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A team of scientists has produced a truly concise anthology of verse by encoding all 154 of Shakespeare’s sonnets in DNA. The researchers say that their technique could easily be scaled up to store all of the data in the world.
Along with the sonnets, the team encoded a 26-second audio clip from Martin Luther King’s famous “I have a dream" speech, a copy of James Watson and Francis Crick’s classic paper on the structure of DNA, a photo of the researchers' institute and a file that describes how the data were converted. The researchers report their results today on Nature’s website1.
The project, led by Nick Goldman of the European Bioinformatics Institute (EBI) at Hinxton, UK, marks another step towards using nucleic acids as a practical way of storing information — one that is more compact and durable than current media such as hard disks or magnetic tape.
“I think it’s a really important milestone,” says George Church a molecular geneticist at Harvard Medical School in Boston, Massachusetts, who encoded a draft of his latest book in DNA last year2. “We have a real field now.”
DNA packs information into much less space than other media. For example, CERN, the European particle-physics lab near Geneva, currently stores around 90 petabytes of data on some 100 tape drives. Goldman’s method could fit all of those data into 41 grams of DNA.
This information should last for millennia under cold, dry and dark conditions, says Goldman, as is evident from the recovery of readable DNA from long-extinct animals. “The experiment was done 60,000 years ago when a mammoth died and lay there in the ice,” he says. “And those weren’t even carefully prepared samples.”
And whereas current media such as cassette tapes or compact discs become obsolete as soon as their respective players are replaced by new technology, scientists will always want to read and study DNA, Goldman says. Sequencers might change, but you can “stick the DNA in a cave in Norway for a thousand years and we’ll still be able to read it”. This creates enormous savings for archivists, who will not have to keep buying new equipment to rewrite their archives in the latest formats.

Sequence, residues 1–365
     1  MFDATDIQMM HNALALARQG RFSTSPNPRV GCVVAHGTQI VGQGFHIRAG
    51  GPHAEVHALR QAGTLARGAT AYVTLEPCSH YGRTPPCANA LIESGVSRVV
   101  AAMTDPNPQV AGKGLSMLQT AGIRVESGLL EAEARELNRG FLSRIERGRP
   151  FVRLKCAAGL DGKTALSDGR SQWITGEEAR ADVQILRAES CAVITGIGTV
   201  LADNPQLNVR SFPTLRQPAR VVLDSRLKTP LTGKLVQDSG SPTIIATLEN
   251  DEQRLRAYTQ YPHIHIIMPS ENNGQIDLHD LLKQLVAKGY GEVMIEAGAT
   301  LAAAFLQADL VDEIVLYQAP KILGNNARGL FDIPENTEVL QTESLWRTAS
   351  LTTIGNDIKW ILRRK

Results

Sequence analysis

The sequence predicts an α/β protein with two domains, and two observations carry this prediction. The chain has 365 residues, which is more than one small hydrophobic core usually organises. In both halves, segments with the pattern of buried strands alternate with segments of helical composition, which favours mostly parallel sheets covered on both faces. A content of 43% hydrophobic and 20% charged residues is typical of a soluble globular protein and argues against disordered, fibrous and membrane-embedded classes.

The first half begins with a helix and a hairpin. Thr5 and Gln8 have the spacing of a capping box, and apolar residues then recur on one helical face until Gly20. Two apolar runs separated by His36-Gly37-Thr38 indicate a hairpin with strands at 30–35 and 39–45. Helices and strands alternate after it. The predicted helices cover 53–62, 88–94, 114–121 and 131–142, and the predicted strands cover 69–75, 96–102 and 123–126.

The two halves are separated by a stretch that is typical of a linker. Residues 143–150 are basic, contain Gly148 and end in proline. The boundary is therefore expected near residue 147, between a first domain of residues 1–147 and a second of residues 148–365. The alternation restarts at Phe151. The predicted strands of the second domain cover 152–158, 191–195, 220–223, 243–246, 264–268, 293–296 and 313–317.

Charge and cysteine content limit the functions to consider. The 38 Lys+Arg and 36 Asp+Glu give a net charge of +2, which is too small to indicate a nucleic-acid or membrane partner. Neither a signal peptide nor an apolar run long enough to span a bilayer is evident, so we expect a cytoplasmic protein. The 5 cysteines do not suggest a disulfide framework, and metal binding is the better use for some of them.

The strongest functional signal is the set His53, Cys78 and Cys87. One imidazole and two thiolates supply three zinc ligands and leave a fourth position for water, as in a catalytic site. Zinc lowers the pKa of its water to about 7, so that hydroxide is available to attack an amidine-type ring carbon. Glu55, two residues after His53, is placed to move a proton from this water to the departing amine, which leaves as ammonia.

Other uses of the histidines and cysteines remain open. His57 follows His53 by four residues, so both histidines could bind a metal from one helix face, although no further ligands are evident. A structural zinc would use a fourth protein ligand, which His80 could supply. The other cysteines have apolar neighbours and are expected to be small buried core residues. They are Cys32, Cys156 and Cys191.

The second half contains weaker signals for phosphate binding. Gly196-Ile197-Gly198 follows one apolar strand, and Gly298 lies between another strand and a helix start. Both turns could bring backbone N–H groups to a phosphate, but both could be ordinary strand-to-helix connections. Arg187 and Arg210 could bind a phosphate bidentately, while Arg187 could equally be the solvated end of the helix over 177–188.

Goldman’s team encoded 5.2 million bits of information into DNA, roughly the same amount as Church’s team did. But Church’s team used a simple code, where the DNA bases adenine or cytosine represented zeroes, and guanine or thymine represented ones. This sometimes led to long stretches of the same letter, which is hard for sequencing machines to read and led to errors.
Goldman’s group developed a more complex cipher in which every byte — a string of eight ones or zeroes — is represented by a word of five letters that are each A, C, G or T. To try to limit errors further, the team broke the DNA code into overlapping strings, each one 117 letters long with indexing information to show where it belongs in the overall code. The system encodes the data in partially overlapping strings, in such a way that any errors on one string can be cross-checked against three other strings.
Agilent Technologies in Santa Clara, California, synthesized the strings and shipped them back to the researchers, who were able to reconstruct all of the files with 100% accuracy.
The promise of extending DNA storage is largely hampered by the high cost of writing and reading DNA. The EBI team estimates that it costs around $12,400 to encode every megabyte of data, and $220 to read it back. However, these costs are falling exponentially. The technique could soon be feasible for archives that need to be maintained long term, but that will rarely be accessed, such as CERN’s data. If costs fall by 100-fold in ten years, the technique could be cost-effective if you want to store data for at least 50 years. And Church says that these estimates may be too pessimistic, as “the cost of reading and writing DNA has changed by a million-fold in the past nine years, which is unheard of even in electronics”.
Goldman adds that DNA storage should be apocalypse-proof. After a hypothetical global disaster, future generations might eventually find the stores and be able to read them. “They’d quickly notice that this isn’t DNA like anything they’ve seen,” says Goldman. “There are no repeats, and everything is the same length. It’s obviously not from a bacterium or a human. Maybe it’s worth investigating.”
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